“I thought silencers were illegal” is a common remark made by people as they encounter a suppressor for the first time. Suppressors are legal in all but a handful of states. However, suppressors are tightly regulated by the Bureau of Alcohol, Tobacco, Firearms, and Explosives. It is even legal in the states that allow suppressors for a person to build their own suppressor. Anyone who can legally own a firearm, can own ANY NFA firearm. However, there are certain hoops to jump through in order to comply with the laws, rules, and regulations.
If a person decides to build their own suppressor or firearm, they must submit a Form 1 along with the $200 tax fee and get the tax stamp BEFORE they can build the device. The form asks a few questions about the proposed design, and use and, generally, unless the builder is a corporation or has what is called an NFA Trust, the chief law enforcement officer must sign off on the form. Then along with the form, you send two “passport photos,” two sets of fingerprints, a check for $200 and wait. How long? The wait can be several months.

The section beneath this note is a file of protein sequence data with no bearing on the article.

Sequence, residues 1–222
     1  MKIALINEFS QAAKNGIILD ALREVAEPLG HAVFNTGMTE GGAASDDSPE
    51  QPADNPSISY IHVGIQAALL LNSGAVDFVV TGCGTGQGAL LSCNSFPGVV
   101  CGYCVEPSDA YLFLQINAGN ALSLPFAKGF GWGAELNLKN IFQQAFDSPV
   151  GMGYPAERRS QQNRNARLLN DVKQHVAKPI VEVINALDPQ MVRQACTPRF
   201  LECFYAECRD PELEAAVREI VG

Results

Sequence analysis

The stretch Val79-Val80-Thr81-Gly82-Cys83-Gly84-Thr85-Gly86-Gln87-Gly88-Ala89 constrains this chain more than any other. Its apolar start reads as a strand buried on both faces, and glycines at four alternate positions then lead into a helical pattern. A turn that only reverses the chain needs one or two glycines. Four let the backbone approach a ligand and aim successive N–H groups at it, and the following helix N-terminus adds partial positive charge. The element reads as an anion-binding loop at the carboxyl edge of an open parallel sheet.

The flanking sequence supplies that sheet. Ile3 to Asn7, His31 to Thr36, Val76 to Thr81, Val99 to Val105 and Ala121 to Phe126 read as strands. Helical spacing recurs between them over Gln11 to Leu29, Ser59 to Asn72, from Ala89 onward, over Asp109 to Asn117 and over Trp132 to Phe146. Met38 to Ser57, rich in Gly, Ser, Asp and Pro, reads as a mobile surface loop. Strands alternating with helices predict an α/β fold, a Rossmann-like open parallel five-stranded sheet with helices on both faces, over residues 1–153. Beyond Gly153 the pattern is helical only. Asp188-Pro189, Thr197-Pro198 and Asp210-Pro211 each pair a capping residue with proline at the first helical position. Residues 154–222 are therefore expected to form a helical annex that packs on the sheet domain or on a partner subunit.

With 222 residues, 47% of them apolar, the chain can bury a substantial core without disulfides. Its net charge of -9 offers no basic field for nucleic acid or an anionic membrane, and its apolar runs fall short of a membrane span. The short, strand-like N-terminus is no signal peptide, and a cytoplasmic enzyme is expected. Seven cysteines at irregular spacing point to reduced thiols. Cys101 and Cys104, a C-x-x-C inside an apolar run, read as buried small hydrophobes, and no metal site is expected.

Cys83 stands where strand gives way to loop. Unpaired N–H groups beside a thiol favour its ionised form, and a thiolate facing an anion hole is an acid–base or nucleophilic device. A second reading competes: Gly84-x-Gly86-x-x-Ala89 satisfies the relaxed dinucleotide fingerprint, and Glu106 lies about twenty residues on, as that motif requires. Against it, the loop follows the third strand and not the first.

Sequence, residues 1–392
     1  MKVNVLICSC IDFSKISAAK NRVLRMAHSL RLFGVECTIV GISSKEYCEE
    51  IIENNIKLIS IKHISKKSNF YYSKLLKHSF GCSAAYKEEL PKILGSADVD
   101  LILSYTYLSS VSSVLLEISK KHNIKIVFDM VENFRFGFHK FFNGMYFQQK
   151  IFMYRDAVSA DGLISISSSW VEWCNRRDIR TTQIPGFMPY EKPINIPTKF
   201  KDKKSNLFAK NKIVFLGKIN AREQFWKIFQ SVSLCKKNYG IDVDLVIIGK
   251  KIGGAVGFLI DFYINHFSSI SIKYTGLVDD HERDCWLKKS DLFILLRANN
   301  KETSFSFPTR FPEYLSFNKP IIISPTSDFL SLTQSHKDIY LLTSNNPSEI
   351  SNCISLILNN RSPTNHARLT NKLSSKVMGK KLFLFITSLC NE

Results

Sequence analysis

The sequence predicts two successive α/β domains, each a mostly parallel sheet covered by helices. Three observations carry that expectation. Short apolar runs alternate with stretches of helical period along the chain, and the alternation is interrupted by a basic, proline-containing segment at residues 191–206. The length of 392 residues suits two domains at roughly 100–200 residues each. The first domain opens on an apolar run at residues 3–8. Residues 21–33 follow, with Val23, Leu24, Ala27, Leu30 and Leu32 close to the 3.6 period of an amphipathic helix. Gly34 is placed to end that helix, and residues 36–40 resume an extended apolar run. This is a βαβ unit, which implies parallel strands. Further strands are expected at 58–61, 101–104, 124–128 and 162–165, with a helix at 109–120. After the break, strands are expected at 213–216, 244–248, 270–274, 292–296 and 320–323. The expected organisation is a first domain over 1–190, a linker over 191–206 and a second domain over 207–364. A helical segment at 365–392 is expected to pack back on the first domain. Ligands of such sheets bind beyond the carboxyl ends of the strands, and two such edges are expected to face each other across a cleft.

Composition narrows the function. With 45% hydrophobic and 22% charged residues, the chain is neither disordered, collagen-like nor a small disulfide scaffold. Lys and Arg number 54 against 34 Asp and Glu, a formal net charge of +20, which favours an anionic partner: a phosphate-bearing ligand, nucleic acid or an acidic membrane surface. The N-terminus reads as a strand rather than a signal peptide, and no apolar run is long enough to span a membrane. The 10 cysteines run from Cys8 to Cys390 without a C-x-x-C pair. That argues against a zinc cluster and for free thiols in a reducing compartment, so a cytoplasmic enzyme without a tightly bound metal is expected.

Purchasing a suppressor or other NFA firearm requires a different form, but the process is the same – send in the packet and wait. Is it worth the wait? A growing number of shooters believe so. For many jaded shooters, using a suppressor adds a whole new level of fun and comfort to shooting sports.
David F. Norman and Marci L. Norman own and operate Iron Goat Guns, 511 E 11th St, Quanah, Texas 79252. They currently manufacture and have in stock several custom suppressors as well as other NFA goodies. Marci is a Texas Concealed Handgun License Instructor. The website is www.irongoatguns.com . Telephone 940-663-2992 or e-mail firstname.lastname@example.org for questions.